Most fans call it the "Galactus Trilogy," but this is the issue at the heart of the series. The previous issue just set up the confrontation, and the next issue wrapped up the story quickly.

But here we have the FF fighting the impossible battle, as they fight God... I mean, Galactus, the world eater.

There's so much story crammed into this issue, it's staggering. We discover the purpose of Galactus and see an image of the destruction of the Earth. The FF attack and are immediately defeated. We meet the Silver Surfer (who recites one of the great lines in comics: "Nay, it is supremely credible!") The FF attack Galactus again (with somewhat better success). They fight the Punisher (not the guy with the skull on his chest). The Human Torch flies across the universe with the help of the Watcher. The Silver Surfer decides to attack his master! 

These days, it would take a 12-part mini-series to cover that much ground.

This was Lee and Kirby at their absolute best, combining action, cosmic concepts, romance, adventure - adding a lot of heart, and weaving it all into an amazing tapestry.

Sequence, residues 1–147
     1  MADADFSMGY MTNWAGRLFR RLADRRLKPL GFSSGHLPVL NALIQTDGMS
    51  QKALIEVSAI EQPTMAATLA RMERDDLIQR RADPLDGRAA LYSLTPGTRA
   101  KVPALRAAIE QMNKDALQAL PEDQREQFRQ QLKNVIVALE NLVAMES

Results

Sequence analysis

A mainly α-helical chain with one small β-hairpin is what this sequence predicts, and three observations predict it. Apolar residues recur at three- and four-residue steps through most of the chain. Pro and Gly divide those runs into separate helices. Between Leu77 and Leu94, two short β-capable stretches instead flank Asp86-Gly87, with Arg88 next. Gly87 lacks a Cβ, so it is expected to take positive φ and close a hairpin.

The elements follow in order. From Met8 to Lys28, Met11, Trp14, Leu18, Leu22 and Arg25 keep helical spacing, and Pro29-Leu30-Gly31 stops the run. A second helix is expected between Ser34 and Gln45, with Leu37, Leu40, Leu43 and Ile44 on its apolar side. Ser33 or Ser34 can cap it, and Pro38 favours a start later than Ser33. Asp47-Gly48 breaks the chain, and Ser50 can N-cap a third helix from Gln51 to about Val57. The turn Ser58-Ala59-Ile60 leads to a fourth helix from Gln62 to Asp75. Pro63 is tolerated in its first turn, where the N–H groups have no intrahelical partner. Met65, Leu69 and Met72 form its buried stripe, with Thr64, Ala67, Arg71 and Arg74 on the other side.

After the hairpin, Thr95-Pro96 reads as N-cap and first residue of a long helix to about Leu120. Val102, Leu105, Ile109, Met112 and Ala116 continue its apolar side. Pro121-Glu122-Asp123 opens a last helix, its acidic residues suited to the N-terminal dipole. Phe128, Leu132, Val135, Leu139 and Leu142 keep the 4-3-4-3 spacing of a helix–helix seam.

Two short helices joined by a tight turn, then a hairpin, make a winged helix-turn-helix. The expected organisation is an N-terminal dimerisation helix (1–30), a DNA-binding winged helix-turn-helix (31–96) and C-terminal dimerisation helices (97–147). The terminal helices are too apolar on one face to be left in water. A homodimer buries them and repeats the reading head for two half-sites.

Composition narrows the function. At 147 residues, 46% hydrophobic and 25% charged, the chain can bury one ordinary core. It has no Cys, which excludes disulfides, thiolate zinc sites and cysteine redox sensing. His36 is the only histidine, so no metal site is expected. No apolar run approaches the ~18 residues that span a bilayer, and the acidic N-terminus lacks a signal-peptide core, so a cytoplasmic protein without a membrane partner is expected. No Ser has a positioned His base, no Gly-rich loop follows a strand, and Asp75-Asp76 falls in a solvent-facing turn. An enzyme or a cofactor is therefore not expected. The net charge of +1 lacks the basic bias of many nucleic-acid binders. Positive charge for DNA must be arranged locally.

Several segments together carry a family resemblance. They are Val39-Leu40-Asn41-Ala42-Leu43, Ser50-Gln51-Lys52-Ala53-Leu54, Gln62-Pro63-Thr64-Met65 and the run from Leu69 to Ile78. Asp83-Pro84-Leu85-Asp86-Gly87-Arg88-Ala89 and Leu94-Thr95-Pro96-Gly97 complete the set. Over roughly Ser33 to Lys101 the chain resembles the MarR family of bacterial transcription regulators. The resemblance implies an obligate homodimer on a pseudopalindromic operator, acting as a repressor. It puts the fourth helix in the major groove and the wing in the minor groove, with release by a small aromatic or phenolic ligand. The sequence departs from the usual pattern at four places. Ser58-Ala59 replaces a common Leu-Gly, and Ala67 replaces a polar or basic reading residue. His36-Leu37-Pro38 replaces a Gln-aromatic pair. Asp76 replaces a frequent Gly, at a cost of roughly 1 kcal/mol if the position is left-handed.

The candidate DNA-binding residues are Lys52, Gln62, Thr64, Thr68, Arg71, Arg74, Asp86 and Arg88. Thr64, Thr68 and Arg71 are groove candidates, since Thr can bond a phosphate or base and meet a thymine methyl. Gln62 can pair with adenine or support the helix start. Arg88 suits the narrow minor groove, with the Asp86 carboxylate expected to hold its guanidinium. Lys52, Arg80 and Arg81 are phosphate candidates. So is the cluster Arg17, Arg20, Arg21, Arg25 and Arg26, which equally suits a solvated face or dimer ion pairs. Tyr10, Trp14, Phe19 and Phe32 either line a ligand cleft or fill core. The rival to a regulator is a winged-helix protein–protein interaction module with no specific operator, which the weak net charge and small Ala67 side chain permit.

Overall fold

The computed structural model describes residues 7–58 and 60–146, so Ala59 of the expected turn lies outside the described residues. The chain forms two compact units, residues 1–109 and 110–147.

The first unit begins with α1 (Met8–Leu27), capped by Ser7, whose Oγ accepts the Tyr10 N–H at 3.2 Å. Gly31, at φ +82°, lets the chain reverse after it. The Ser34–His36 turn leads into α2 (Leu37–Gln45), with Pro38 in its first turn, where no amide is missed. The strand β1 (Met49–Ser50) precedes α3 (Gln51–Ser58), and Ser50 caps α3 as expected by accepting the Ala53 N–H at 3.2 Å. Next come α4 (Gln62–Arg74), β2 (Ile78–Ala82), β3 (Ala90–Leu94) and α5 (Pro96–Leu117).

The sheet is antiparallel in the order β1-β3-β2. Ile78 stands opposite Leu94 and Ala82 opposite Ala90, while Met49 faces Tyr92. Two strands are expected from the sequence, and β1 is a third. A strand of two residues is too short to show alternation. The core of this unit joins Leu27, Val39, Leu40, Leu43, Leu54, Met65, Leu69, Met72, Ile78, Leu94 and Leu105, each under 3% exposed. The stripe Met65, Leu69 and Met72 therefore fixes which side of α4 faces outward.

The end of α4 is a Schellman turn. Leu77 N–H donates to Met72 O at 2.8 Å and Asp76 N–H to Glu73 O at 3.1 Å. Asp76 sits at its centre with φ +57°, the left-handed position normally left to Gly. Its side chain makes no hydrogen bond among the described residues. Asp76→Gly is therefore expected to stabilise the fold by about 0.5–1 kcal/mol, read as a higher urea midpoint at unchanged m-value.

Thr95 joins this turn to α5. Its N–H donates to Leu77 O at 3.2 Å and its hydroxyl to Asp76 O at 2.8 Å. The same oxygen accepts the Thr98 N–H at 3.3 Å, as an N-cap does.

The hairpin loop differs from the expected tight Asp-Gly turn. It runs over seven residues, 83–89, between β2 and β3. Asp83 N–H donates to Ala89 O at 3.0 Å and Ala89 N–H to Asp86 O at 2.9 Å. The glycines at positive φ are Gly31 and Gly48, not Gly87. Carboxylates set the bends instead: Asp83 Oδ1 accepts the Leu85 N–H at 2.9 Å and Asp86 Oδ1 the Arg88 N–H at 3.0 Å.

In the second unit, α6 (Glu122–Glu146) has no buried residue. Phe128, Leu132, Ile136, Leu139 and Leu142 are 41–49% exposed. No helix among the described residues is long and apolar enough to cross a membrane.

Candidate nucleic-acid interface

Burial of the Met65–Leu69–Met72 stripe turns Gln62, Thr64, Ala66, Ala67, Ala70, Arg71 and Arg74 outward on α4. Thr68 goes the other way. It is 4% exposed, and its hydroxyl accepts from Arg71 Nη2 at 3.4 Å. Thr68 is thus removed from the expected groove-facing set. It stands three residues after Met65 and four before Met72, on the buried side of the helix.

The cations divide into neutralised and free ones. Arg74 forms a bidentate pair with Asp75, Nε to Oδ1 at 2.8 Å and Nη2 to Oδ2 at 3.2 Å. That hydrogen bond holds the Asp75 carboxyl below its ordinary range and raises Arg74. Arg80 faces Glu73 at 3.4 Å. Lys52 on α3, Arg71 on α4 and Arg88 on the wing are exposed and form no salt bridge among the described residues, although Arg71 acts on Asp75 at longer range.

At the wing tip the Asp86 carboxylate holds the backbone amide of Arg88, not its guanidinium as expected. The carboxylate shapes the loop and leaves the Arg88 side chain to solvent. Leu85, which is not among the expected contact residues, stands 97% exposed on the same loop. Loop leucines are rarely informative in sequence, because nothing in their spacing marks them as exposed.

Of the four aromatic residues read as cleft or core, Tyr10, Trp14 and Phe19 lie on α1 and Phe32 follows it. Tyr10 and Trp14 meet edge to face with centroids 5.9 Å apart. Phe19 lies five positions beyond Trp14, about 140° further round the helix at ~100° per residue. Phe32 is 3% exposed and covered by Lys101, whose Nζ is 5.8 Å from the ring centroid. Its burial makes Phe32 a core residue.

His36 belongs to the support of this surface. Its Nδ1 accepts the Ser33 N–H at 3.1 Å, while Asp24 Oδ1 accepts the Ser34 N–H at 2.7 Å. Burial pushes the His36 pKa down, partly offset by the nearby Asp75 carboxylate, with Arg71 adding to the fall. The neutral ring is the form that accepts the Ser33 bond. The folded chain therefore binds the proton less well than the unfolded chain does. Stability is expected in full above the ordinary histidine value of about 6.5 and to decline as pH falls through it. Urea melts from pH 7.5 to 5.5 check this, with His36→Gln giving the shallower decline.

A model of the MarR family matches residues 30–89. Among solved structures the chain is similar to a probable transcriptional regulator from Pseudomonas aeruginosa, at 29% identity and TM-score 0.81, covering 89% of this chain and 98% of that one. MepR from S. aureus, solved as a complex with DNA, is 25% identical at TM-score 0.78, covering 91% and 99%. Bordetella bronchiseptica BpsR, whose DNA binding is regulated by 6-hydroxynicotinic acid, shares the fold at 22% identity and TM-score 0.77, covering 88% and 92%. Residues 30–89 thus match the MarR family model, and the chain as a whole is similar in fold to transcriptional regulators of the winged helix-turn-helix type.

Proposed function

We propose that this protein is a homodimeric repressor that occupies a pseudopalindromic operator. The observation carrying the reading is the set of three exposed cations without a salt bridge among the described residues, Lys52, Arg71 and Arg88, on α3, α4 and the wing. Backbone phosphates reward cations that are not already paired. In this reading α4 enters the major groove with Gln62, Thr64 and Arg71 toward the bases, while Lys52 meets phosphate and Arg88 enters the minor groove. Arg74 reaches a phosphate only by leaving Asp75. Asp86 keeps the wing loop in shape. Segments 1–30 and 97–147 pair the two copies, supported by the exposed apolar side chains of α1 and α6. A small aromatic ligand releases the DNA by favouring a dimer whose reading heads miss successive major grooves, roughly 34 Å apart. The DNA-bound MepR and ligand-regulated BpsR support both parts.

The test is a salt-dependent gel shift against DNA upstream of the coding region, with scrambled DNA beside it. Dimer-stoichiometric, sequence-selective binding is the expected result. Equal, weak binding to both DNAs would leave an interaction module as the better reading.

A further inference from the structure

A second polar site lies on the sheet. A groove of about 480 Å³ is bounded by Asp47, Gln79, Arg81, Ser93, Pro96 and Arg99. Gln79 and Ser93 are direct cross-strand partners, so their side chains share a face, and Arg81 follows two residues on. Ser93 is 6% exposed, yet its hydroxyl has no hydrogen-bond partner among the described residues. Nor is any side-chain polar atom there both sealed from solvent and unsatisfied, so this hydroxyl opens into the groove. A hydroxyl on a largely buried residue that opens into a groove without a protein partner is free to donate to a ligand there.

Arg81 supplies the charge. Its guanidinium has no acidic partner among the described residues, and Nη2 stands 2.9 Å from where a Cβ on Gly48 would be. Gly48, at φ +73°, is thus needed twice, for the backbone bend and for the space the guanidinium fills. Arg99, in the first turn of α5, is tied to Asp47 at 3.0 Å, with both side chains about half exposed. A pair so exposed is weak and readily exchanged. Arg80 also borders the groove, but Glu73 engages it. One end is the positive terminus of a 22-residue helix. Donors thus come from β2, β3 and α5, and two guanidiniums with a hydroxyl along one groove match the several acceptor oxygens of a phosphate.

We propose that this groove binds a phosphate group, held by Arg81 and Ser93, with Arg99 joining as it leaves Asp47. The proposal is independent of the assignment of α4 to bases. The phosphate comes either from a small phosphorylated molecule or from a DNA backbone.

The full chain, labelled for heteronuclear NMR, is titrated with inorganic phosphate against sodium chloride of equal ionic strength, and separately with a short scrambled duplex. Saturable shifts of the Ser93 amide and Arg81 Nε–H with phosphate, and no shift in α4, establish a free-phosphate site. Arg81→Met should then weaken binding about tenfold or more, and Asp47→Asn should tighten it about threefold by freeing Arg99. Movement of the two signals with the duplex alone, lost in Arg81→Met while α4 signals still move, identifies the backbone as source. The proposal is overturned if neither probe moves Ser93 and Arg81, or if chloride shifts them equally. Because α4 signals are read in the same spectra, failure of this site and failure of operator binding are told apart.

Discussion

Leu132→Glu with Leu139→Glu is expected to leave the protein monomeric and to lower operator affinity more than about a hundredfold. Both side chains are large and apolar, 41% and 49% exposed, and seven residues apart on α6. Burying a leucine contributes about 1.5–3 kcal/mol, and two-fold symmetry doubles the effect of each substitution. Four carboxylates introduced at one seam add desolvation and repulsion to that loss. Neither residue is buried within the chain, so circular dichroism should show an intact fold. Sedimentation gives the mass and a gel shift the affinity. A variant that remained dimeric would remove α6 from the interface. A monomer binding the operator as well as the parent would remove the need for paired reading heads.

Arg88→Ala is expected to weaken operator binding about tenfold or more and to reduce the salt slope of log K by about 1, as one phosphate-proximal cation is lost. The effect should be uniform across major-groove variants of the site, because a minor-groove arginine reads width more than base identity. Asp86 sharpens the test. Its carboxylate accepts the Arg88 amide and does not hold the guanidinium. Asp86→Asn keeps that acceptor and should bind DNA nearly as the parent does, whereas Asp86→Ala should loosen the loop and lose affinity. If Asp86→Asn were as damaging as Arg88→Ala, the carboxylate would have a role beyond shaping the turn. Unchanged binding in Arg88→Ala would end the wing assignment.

It's a stunning body of work, and it's still my all-time favorite comics series. Classics indeed!

1 comment:

Billy Hogan said...

The Fantastic Four are my favorite Marvel characters, with Spider-Man a close second. I think my first FF issue was #39, when Daredevil teamed up with them vs Dr. Doom. It had a great cover with a giant Doom peering down at our heroes from behind a skyscraper. The other early FF issue I first remember is issue 41, when the Thing leaves the FF and is brainwashed by the Frightful Four. I remember seeing the ad for issue 40, and was always fascinated by its dramatic scene, but I've still yet to read it. Great post, brings back a lot of fond memories.